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FTR39s Jonathan Starks talks mediumduty at the firm39s annual conference
<p>FTR&#39;s Jonathan Starks talks medium-duty at the firm&#39;s annual conference.</p>

Medium-duty faces slow growth environment

The sales trend in this truck segment is for “distinct slow growth” says FTR’s Jonathan Starks

INDIANAPOLIS. Medium-duty truck sales are going to follow a very slow growth path for the next several years, if the projections made by Jonathan Starks, FTR’s director of analysis, hold true.

Total medium-duty sales for North America are expected to reach 194,500 units this year, climb to 199,500 units in 2016, inch up to 201,300 units in 2017 then creep to 203,400 units by 2018, he said

Much of that growth is going to occur in the Class 4-5 segment, Starks emphasized, with sales growing from 52,900 units this year to 58,200 in 2016, some 63,700 units by 2017 and 66,900 units by 2018.

By contrast, Class 6-7 sales will contract to a degree, he indicated, falling from 141,500 units this year to 141,300 units in 2016 then on down to 137,600 in 2017 before inching back up to 138,500 units in 2018.

Starks stressed that the medium-duty segment “is not one market, but actually several,” and as a result monthly sales volatility is common. “That’s why analyzing a single month of sales won’t tell you much,” he explained.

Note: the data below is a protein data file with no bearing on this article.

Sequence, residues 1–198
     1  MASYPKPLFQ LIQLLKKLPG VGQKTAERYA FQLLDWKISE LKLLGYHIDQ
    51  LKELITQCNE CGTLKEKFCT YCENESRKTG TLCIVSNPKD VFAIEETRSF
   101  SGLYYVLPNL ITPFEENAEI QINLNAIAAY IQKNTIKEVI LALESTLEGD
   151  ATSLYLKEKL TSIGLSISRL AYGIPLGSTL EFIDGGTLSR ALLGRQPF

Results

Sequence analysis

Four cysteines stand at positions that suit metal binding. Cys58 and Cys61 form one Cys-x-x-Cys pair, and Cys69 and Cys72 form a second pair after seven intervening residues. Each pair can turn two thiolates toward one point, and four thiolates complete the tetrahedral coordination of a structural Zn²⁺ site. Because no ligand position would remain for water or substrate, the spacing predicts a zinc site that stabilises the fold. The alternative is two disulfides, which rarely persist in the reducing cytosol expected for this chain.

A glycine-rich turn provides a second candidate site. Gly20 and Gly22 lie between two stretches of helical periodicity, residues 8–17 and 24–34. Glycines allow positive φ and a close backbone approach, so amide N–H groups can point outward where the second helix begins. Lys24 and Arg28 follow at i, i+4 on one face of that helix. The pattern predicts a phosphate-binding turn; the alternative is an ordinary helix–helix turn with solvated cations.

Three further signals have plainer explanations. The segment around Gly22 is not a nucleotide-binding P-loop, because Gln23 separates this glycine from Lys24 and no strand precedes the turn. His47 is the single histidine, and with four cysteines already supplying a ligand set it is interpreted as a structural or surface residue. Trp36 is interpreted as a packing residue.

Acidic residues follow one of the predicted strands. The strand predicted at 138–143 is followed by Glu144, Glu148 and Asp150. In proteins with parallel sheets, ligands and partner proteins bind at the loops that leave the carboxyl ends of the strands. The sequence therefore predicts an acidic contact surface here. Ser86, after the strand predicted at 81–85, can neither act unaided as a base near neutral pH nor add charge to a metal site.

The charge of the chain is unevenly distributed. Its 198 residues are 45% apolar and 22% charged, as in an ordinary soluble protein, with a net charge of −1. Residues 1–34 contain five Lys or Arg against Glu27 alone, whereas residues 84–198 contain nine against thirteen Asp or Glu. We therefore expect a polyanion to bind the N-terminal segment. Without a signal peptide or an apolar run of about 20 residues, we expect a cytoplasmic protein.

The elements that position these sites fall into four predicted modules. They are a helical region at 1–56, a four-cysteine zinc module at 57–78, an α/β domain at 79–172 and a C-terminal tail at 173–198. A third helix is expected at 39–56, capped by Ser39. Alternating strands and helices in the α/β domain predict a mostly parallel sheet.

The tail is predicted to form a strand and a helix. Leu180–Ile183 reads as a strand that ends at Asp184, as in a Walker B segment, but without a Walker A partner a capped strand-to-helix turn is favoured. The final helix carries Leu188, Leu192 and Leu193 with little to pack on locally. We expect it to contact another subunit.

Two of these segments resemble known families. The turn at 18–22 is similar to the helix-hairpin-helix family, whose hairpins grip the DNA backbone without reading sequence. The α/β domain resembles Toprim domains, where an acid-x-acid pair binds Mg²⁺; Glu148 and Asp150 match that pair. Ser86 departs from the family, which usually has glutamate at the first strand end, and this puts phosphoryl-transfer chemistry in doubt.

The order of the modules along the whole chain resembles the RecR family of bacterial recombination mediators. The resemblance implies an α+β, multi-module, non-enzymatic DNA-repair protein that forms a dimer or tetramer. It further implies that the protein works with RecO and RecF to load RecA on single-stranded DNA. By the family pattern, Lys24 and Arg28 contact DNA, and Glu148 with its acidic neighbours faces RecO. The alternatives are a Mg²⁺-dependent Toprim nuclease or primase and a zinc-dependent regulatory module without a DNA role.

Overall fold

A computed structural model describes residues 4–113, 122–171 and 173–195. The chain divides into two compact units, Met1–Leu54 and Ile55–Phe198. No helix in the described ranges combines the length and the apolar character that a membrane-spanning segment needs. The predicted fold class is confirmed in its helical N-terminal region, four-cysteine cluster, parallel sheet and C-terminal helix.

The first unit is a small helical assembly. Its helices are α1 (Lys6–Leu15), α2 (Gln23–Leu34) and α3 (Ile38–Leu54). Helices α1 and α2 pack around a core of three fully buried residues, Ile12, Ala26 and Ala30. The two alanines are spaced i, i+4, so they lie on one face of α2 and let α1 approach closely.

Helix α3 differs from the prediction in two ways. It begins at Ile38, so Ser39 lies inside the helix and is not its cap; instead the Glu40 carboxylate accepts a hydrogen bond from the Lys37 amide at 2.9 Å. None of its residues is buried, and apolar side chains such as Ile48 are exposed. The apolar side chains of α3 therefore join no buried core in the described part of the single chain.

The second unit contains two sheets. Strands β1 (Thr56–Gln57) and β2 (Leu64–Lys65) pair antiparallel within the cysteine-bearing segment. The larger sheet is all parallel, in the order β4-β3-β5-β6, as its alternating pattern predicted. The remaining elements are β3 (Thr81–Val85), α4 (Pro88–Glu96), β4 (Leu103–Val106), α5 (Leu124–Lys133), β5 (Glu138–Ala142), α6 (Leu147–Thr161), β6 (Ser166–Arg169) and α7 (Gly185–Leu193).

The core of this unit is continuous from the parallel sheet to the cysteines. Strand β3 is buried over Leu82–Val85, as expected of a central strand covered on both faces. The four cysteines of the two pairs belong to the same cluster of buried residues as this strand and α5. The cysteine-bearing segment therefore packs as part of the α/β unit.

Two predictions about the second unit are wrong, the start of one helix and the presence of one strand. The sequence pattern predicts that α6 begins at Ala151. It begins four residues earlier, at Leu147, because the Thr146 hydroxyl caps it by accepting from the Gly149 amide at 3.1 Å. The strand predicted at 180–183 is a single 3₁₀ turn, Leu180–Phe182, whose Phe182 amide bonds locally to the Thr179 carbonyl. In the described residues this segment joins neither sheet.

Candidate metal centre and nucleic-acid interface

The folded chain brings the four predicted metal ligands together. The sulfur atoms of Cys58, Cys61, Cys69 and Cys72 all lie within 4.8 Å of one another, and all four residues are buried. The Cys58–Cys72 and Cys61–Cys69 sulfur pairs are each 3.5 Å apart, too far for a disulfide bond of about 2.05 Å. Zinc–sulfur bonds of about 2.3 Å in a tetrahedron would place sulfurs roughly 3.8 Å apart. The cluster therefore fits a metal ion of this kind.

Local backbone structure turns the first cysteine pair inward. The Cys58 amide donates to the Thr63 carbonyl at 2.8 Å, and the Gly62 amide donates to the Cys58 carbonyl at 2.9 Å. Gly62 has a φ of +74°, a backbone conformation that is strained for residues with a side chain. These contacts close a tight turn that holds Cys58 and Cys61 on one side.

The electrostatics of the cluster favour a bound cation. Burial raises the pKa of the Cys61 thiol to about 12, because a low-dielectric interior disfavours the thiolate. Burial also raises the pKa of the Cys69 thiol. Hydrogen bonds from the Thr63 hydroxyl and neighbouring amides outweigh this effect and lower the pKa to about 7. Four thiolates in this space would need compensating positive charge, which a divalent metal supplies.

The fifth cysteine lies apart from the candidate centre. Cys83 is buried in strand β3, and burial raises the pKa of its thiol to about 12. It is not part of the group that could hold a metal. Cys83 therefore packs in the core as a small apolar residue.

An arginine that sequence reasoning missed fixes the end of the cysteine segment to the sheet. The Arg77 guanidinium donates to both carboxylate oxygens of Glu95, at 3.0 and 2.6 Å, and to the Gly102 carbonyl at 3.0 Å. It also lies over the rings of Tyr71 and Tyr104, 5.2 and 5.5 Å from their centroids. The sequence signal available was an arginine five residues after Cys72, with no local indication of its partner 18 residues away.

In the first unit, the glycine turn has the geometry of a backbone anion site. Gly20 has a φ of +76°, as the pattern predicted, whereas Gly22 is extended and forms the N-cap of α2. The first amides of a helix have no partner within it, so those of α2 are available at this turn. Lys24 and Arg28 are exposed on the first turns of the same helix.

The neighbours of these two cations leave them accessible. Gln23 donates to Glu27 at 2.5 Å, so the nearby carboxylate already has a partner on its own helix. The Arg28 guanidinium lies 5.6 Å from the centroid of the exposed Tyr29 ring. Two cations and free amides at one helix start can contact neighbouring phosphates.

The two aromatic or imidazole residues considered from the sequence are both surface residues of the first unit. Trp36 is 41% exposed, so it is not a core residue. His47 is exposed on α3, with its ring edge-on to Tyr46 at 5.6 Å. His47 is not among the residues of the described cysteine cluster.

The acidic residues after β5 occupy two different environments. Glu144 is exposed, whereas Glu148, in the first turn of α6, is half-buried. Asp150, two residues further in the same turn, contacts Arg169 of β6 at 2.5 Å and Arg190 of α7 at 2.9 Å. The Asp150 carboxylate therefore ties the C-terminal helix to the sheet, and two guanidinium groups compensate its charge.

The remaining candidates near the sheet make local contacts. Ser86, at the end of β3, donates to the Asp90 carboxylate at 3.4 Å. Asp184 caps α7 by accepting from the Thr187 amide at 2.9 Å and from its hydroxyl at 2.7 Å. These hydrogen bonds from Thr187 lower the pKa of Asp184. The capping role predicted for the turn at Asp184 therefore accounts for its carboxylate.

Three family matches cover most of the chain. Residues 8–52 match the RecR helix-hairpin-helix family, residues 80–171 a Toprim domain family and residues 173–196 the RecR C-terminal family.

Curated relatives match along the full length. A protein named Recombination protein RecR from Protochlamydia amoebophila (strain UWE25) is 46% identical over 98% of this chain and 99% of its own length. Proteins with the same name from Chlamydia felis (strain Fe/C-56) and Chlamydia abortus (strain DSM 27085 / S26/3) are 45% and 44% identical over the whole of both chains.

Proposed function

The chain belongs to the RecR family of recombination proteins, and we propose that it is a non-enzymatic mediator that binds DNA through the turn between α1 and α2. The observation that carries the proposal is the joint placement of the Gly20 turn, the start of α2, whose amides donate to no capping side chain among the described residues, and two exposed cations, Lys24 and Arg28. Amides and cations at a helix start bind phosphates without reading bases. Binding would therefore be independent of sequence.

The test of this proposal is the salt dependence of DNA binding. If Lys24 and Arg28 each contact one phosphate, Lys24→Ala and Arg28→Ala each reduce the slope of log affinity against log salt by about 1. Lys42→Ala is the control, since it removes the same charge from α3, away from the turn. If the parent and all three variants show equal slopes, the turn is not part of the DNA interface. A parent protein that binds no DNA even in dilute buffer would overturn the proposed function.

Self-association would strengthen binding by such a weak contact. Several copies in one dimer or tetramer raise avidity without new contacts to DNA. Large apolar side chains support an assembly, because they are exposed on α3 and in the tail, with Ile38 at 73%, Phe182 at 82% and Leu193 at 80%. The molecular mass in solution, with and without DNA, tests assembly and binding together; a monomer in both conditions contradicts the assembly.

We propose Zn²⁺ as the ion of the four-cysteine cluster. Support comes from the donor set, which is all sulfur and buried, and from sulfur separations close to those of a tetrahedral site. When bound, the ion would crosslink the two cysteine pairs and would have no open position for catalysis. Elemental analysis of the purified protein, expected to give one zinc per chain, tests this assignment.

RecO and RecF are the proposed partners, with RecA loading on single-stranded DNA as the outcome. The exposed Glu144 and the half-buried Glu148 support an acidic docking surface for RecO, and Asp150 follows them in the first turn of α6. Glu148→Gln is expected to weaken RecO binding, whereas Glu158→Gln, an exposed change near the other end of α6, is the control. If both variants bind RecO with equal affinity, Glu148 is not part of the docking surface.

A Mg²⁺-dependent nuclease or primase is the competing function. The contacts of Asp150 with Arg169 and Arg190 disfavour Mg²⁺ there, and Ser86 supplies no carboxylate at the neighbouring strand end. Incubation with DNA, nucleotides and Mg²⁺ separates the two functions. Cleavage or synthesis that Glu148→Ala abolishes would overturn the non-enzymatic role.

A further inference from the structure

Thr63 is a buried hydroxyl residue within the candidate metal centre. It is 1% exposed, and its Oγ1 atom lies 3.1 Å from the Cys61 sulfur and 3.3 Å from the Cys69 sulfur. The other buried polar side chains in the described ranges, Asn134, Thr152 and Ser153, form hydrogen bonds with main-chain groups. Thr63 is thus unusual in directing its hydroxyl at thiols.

The return of General Motors into the medium-duty market as a whole along with Ford Motor Co.’s revamped Class 6-7 trucks “changes the dynamics” of this segment, Starks added, though how much their presence will shift things remains to be seen.

Adrian Ratza (at right), marketing manager for Hino Trucks, also offered a deeper look into the breakdown of Class 4-7 demand, noting that “each class acts very differently; they each play in their own sandbox.”

Class 4 trucks, for example, are predominantly gasoline powered, which flips to 80% diesel power in Class 5, growing to well over 90% diesel in Class 6 and 7.

He noted that “long conventional” Class 5 trucks are seeing a strong uptick in demand largely driven by the “re-urbanization” of the U.S.

“There are a higher percentage of people from the younger generations, especially Millennials, moving back into the cities,” he said. “That’s one reason why our new 195 Class 5 model, introduced a few years ago, is here to stay.”

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